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Report No. 164

1.3. Some discriminatory, anachronistic provisions of the Act.-

Section 10, which specifies the grounds for dissolution of marriage reads as follows:

"10. When husband may petition for dissolution.-Any husband may present a petition to the District Court or to the High Court, praying that his marriage may be dissolved on the ground that his wife has, since the solemnization thereof, been guilty of adultery.

When wife may petition for dissolution.-Any wife may present a petition to the District Court or to the High Court, praying that her marriage may be dissolved on the ground that since the solemnization thereof, her husband has exchanged his profession of Christianity for the profession of some other religion, and gone through a form of marriage with another woman;

or has been guilty of incestuous adultery,

or of bigamy with adultery,

or of marriage with another woman with adultery,

or of rape,

sodomy or bestiality,

or of adultery coupled with such cruelty as without adultery would have entitled her to a divorce a mensa et toro,

or of adultery coupled with desertion, without reasonable excuse, for two years or upwards."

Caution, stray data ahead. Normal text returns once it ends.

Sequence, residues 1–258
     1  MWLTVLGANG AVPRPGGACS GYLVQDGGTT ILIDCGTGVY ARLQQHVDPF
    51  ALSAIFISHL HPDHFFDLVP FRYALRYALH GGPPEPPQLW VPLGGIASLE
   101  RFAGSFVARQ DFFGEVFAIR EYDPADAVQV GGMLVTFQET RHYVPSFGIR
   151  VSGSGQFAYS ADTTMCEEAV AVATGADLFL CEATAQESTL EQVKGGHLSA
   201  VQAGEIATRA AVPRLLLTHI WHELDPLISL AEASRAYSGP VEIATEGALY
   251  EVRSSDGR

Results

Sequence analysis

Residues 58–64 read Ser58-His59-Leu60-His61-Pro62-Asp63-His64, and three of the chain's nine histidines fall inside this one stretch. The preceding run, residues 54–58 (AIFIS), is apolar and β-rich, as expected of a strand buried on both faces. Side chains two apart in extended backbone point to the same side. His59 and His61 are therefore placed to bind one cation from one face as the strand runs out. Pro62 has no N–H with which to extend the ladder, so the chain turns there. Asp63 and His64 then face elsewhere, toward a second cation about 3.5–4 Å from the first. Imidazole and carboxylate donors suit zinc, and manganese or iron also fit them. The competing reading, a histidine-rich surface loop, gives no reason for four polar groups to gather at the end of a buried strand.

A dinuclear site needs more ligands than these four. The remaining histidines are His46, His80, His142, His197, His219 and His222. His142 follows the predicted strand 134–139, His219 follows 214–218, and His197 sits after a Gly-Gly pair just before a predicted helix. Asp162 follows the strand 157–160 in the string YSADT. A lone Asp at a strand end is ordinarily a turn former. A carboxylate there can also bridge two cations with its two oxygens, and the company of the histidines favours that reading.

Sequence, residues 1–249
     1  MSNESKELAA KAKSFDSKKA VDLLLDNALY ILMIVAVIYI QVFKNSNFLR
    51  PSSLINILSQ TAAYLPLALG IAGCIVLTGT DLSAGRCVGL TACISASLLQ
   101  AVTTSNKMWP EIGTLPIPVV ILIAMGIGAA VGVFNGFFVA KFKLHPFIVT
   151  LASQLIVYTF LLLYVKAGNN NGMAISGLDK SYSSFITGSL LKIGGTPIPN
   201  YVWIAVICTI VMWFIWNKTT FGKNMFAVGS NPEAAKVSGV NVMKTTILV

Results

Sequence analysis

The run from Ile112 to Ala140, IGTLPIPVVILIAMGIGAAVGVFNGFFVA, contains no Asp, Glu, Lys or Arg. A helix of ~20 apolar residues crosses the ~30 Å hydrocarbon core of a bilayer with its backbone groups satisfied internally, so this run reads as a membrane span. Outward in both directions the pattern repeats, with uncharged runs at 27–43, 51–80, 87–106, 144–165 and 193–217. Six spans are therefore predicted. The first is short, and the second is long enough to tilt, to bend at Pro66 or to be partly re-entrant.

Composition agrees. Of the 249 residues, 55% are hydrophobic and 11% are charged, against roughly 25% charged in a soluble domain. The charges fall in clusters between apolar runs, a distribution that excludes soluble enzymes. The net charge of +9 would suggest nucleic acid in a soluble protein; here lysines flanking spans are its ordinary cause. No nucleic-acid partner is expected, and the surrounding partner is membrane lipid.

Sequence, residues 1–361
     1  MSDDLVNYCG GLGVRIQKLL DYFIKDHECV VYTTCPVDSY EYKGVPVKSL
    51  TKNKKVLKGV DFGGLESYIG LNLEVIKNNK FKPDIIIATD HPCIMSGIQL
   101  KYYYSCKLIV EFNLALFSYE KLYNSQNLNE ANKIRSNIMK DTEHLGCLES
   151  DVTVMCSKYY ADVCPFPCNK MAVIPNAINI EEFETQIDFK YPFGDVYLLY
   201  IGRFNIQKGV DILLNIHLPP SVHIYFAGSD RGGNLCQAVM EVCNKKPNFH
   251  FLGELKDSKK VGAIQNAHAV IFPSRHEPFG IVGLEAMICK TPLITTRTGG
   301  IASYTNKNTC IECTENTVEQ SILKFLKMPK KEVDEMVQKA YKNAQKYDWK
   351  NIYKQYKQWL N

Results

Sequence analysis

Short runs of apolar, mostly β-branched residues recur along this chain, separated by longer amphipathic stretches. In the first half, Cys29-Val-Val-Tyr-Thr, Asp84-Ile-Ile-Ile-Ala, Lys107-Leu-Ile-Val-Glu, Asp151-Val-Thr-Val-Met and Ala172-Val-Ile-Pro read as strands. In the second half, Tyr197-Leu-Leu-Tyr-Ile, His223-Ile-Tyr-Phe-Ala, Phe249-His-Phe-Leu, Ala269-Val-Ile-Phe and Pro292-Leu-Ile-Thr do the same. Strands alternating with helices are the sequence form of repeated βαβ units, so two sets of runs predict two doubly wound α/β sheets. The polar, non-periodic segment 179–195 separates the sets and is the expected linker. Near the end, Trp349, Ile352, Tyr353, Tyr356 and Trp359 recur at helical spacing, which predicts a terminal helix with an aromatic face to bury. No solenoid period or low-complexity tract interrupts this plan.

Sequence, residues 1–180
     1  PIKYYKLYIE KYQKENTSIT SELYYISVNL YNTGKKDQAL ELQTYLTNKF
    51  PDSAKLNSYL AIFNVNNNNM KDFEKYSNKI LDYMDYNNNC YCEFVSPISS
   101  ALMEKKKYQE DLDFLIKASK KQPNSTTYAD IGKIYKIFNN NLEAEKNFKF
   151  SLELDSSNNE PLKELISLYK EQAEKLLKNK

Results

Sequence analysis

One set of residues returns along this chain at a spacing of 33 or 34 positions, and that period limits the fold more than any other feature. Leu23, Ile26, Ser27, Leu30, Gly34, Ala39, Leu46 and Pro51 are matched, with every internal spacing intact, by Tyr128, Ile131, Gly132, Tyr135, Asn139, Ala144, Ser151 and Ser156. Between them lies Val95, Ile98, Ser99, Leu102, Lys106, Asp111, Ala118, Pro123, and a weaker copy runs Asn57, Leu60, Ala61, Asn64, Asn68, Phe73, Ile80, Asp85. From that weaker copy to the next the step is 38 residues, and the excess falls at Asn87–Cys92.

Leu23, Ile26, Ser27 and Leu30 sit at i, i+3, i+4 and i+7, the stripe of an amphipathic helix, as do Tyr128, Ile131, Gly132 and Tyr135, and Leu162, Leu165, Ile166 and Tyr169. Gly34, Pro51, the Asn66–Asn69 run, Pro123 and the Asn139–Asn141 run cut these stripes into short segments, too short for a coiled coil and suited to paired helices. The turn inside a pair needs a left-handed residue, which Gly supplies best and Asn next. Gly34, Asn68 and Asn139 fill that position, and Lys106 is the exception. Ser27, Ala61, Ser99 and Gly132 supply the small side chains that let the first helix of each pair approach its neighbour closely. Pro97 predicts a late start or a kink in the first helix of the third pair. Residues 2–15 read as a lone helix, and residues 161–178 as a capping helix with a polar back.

1.4. It may be emphasised even at this stage that section 10 makes a clear and invidious discrimination against the woman. While a man seeking dissolution need prove only adultery on the part of his wife, a wife is required to prove some other marital offence in addition to adultery to be able to obtain dissolution.

1.4.1. In section 55 of the Indian Divorce Act, an appeal has been provided against a decree made by the High Court as if it were a decree made in exercise of its original civil jurisdiction which means that an appeal lies to a division bench against an order of the judge of a High Court granting a decree for dissolution of marriage under section 16.

1.4.2. The Act was made more than 128 years ago. In view of its antiquated and discriminatory provisions, it has become an anachronism today. The Law Commission was seized of this problem in the past and has been making repeated recommendations for a thorough review of the law and for enacting a new Act in its place.

Indian Divorce Act, 1869 Back

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